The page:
Middle Earth Merrymaking: A Baggins’ Birthday

When Mr. Bilbo Baggins of Bag End announced that he would shortly be celebrating his eleventy-first birthday with a party of special magnificence, there was much talk and excitement in Hobbiton… A notice appeared on the gate at Bag End: no admittance except on party business.


When it comes to birthdays, Hobbits don’t take the planning or celebrating lightly.

(Especially, Bilbo and his nephew, Frodo.)

The birthday Hobbit often finds himself consumed with planning, while the other Hobbits wait expectantly for the big party:


(Strawberry rhubarb mini pies)

. . .

Although each Hobbit is different, there are a few particular party rules that must be followed for every Hobbit birthday:

First and foremost, you must have invitations. Hobbits are a merry, close-knit group and that means inviting every Hobbit in town—well, unless you’re Bilbo:

Bilbo Baggins called it a party, but it was really a variety of entertainments rolled into one. Practically everybody living near was invited. A very few were overlooked by accident, but as they turned up all the same, that did not matter.

When you are inviting an entire group from Hobbiton or another neighboring town, you must have a large open space for feasts, dancing and merry-making:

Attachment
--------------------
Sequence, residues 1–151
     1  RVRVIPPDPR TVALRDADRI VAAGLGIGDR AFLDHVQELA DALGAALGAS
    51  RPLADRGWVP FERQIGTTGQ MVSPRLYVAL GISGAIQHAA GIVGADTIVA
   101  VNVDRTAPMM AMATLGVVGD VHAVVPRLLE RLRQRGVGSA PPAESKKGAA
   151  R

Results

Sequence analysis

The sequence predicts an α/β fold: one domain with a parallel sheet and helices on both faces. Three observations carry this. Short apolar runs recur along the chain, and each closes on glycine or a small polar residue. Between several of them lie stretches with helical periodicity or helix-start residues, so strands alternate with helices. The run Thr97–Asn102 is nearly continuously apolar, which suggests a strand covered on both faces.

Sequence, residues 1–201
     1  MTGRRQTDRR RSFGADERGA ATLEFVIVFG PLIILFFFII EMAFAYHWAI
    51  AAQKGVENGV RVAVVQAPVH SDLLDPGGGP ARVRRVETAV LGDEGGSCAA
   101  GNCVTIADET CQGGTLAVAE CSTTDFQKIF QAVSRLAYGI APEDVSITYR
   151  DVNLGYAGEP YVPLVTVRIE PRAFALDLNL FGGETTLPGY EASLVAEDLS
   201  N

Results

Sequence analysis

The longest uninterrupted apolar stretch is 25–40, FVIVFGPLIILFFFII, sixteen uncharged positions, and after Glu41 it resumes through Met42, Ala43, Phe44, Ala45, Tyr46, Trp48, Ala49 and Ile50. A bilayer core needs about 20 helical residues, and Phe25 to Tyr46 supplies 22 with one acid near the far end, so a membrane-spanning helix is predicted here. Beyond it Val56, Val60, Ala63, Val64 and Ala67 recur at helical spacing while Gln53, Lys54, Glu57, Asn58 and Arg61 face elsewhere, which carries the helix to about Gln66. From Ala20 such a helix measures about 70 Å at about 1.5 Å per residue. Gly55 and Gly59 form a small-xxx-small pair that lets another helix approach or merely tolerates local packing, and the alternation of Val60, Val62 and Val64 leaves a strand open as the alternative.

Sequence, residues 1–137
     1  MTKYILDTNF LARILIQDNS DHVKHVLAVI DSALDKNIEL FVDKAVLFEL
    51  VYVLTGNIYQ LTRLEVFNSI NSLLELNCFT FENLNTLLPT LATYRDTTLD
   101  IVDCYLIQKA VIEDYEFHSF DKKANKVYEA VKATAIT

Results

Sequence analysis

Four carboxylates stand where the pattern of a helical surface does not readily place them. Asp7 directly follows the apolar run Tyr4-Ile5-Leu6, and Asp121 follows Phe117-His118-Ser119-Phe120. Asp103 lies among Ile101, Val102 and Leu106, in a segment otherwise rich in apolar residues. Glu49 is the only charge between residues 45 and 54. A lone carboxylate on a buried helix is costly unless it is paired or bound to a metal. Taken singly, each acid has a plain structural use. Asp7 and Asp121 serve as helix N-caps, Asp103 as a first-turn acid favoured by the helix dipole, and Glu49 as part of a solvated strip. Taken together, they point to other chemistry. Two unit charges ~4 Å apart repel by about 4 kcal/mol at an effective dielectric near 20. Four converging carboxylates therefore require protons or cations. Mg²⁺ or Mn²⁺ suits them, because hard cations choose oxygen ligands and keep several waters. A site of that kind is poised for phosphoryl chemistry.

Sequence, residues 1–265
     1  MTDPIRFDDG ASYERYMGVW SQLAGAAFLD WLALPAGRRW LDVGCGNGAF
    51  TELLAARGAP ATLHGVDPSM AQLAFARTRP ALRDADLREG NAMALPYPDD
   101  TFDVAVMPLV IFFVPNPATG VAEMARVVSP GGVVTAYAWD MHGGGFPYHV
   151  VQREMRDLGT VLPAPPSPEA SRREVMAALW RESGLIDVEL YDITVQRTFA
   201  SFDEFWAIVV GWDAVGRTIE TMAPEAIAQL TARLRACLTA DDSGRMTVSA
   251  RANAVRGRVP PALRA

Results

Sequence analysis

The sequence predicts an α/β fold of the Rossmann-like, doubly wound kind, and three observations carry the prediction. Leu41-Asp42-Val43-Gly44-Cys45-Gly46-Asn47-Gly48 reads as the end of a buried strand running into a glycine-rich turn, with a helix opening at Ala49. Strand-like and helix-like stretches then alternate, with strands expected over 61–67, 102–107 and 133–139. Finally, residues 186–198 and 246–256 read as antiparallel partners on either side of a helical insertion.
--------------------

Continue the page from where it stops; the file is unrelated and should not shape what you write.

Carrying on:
The tents began to go up. There was a specially large pavilion, so big that the tree that grew in the field was right inside it, and stood proudly near one end, at the head of the chief table. Lanterns were hung on all its branches. More promising still (to the hobbits’ mind): an enormous open-air kitchen was erected in the north corner of the field.

And of course, it isn’t a Hobbit birthday without a feast.

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(Pesto-stuffed mushroom bites)

Hobbits prefer simple, hearty foods such as meats, vegetables, and fruits.


(Carrot cake; Gf/vegan version)

The highlight of any Hobbit party is always the cake.

Simply put, when it comes to Hobbits, the more food, the better.

When every guest had been welcomed and was finally inside the gate, there were songs, dances, music, games, and, of course, food and drink. There were three official meals: lunch, tea, and dinner (or supper).

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Drinking, dancing, feasting, laughing–the perfect Hobbit party.


Don’t forget candles and lights for when the sun goes down.



(Natural bug repellent luminaries)

Hobbit parties usually last well into the night.


Before the Hobbits make their way home (hiccuping as they go), you must give them a parting gift:

Every one of the various parting gifts had labels, written out personally by Bilbo, and several had some point, or some joke. But, of course, most of the things were given where they would be wanted and welcome.


If you, like Bilbo and Frodo, plan a full day of fun and feasting, your party will surely be the talk of the town for many elevenses to come.

To our two favorite Hobbits, Frodo and Bilbo,

a very merry birthday.


Thanks for reading!

Remember: adventure first, breakfast second

-Marissa and Victoria

Β Little Hobbit models: Cecily and Blaise (Marissa’s niece and nephew)

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